The climb towards marketing agility is different for everyone. Teams deal with a variety of obstacles on the way up as they figure out what works for them. Who are their Agile champions? Which framework are appropriate for their projects? What are their process KPIs for moving forward?
But regardless of the path, the ascent is almost always equally challenging.
There are also rarely shortcuts on the path to becoming a truly high-performing team.
Over the years, we have been AgileSherpas to a huge variety of teams. Over time, we've discovered five paths that are very tempting, either for leadership or for the team, but definitely do not lead to marketing agility in the long term.
Here are the dead end paths to marketing agility we have discovered, along with how to prepare your team and managers to avoid them as you climb towards Agile marketing success.
The Executive Mic Drop
You've probably been a witness to a fair number of "executive mic drops" in your day. It's the moment when the Marketing VP (or someone in a similar role) comes to the team with the laid out plan, campaign deadlines, launch dates, and everything they need to get working.
Usually, the presentation of "the ultimate plan"goes on and on. In fact, it seems never-ending.
At some point during the second half of the presentation, the team members start looking to each other, asking, “Does this look like a lot to you? It looks like a lot of work…”
Sure enough, it is.
But, the VP ends on a positive note.
“You probably notice we’re trying to do a lot this year, but it’s OK because we’re going to be Agile this year. I’ve figured it out. I discovered this thing called Agile Marketing and it’s going to help us get a lot of stuff done.”
This situation happens all the time.
Fast forward to six months later, and things aren't going well. The marketing teams have closed ranks trying to figure out "this Agile thing," while at the same time trying to get way more work done than usual.
As you can imagine, situations like this don't end well.
But there are a few things you can do to avoid ending up going down this dangerous path.
Promote Agile education
There are a lot of misconceptions about what Agile really means in the marketing context; education about Agile methodology and frameworks inside a marketing team is vital.
Agile is not just about going faster and faster. There’s a lot more to it. We need to deliberately look at the various Agile frameworks and decide what works for us. This means taking some time upfront to learn about them.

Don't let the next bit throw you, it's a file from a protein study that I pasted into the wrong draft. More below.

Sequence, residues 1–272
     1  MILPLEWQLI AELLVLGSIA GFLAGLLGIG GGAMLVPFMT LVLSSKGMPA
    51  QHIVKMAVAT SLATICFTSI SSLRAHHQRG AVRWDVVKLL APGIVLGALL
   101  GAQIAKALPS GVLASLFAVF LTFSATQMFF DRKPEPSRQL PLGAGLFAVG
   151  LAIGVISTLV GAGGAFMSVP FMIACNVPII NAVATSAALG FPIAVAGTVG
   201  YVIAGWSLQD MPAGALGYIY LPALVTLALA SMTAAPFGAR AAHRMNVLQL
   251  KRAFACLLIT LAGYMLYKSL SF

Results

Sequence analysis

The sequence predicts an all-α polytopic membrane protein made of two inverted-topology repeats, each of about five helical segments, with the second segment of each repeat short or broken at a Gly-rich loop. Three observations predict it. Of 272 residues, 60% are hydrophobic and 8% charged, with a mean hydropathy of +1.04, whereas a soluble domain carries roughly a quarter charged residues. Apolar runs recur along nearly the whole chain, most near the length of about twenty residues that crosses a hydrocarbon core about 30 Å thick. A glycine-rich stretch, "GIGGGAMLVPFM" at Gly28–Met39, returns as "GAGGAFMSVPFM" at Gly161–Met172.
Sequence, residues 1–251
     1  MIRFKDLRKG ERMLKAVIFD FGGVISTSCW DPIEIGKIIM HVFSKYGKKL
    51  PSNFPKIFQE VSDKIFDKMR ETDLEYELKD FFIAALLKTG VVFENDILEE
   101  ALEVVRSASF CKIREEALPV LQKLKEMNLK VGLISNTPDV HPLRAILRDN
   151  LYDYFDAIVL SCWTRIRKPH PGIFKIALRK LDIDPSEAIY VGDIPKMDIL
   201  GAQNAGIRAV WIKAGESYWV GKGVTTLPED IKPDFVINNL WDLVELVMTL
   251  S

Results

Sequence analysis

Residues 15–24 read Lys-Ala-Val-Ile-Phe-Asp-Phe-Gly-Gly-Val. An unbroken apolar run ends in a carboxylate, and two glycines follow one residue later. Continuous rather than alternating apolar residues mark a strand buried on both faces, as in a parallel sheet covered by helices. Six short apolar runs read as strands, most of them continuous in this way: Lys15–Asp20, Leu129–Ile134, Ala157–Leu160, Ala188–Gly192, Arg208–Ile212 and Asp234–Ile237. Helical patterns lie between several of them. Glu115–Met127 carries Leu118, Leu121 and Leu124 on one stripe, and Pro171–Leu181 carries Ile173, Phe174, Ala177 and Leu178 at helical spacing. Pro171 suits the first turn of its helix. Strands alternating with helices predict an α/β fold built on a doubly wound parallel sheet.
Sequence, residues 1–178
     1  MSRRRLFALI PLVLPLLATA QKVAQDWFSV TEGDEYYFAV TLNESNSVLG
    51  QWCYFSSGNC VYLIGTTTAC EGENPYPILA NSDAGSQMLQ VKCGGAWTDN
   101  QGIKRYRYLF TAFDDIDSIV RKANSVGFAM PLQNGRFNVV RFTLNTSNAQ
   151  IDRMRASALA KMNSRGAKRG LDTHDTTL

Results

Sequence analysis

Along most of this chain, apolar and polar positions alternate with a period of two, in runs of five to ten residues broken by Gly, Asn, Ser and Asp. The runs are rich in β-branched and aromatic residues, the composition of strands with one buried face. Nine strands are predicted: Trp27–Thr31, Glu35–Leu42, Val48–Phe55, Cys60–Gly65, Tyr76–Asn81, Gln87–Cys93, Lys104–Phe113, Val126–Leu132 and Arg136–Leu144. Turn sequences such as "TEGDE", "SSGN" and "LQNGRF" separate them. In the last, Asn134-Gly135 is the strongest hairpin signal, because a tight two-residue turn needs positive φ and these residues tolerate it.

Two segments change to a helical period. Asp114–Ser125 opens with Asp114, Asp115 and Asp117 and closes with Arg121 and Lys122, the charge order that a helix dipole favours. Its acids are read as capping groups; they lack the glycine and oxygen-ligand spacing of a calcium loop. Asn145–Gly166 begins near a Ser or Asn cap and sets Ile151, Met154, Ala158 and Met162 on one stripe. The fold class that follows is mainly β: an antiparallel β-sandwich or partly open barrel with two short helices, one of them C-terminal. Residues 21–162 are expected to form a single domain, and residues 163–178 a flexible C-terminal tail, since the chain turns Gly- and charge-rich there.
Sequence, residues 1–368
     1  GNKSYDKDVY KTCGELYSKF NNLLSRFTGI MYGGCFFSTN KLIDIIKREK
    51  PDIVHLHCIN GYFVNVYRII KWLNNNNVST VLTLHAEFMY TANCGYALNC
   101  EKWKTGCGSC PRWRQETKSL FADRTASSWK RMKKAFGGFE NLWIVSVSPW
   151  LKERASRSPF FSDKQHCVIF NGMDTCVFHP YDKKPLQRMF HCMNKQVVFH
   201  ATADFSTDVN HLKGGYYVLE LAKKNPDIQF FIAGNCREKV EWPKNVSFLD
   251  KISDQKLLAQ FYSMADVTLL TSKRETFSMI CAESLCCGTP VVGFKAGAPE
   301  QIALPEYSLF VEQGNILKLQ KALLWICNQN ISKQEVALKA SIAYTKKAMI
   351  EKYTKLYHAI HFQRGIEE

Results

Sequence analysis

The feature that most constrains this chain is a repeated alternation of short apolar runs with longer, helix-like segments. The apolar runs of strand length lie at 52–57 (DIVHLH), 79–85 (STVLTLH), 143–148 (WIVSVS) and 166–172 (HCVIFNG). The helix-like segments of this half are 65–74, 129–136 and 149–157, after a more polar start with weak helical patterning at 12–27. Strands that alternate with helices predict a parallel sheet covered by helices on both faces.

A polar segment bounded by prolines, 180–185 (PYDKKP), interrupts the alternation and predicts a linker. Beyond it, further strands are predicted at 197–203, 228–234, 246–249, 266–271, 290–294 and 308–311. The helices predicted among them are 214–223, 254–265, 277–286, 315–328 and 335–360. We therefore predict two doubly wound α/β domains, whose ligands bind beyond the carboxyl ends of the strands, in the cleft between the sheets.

Fortunately, there are many places you can get information about your first steps towards Agile marketing. There are books, certifications, and online resources to help you avoid believing that Agile is just barrelling ahead without a strategy.
Get Executive Support for Agile Marketing
Once we understand what Agile actually means, it’s time to convince executives that it’s actually worthwhile to pursue. Luckily, there are many training paths you can choose depending on the current pain points of your executive leadership.
For example, if you have a new CMO, chances are that they’re going to be really excited to support an Agile marketing approach because they're “on the clock."
They live with a sense of urgency because the are painfully aware that the average tenure of a CMO is 3 years. This is 2.3 years less than other roles in the C-suite. It takes an average of 8 months to get a campaign out the door according to recent McKinsey research, and if you’re only at your job for 3 years that's just not acceptable.
Fortunately, Agile holds the key to many of the problems that cause these lengthy 8-month release cadences. Position Agile as a solution to problems that everyone is aware of.
Takes too long to release? Agile teams go to market faster.
Have employees who are overworked and overwhelmed? Agile marketing improves team morale.
Further, Agile teams are very focused on doing higher quality work than traditional teams.
Whatever your executive’s pain points are, chances are there’s an Agile answer to it. So, we have to be good marketers about it and convince them that it’s worth the time to do the work of education, so we can avoid all of these missteps.
Navigating Agile Hold-outs
Hold-outs refer to the situations in which we say to our teammates, “Let’s make some changes to improve the process!” and all they hear is, “You’ve been doing everything wrong!”
Then they give lip service to marketing agility, while actually working hard to undermine its success.
In some cases, because the team member feels that their position is threatened. This attitude may result in “information hoarding” on their part in order to keep their status within the team.
How to recognize an Agile hold-out? These are the team members who won’t share knowledge, passwords, steps to uploading new content, or anything else they can hold onto.